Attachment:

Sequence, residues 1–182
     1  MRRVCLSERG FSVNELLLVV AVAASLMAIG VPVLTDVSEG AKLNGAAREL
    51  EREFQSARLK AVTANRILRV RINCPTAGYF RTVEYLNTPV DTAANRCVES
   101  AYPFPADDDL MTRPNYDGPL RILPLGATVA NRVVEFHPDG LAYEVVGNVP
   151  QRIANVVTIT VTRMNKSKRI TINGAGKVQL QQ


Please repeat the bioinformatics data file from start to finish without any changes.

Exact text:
Sequence, residues 1–182
     1  MRRVCLSERG FSVNELLLVV AVAASLMAIG VPVLTDVSEG AKLNGAAREL
    51  EREFQSARLK AVTANRILRV RINCPTAGYF RTVEYLNTPV DTAANRCVES
   101  AYPFPADDDL MTRPNYDGPL RILPLGATVA NRVVEFHPDG LAYEVVGNVP
   151  QRIANVVTIT VTRMNKSKRI TINGAGKVQL QQ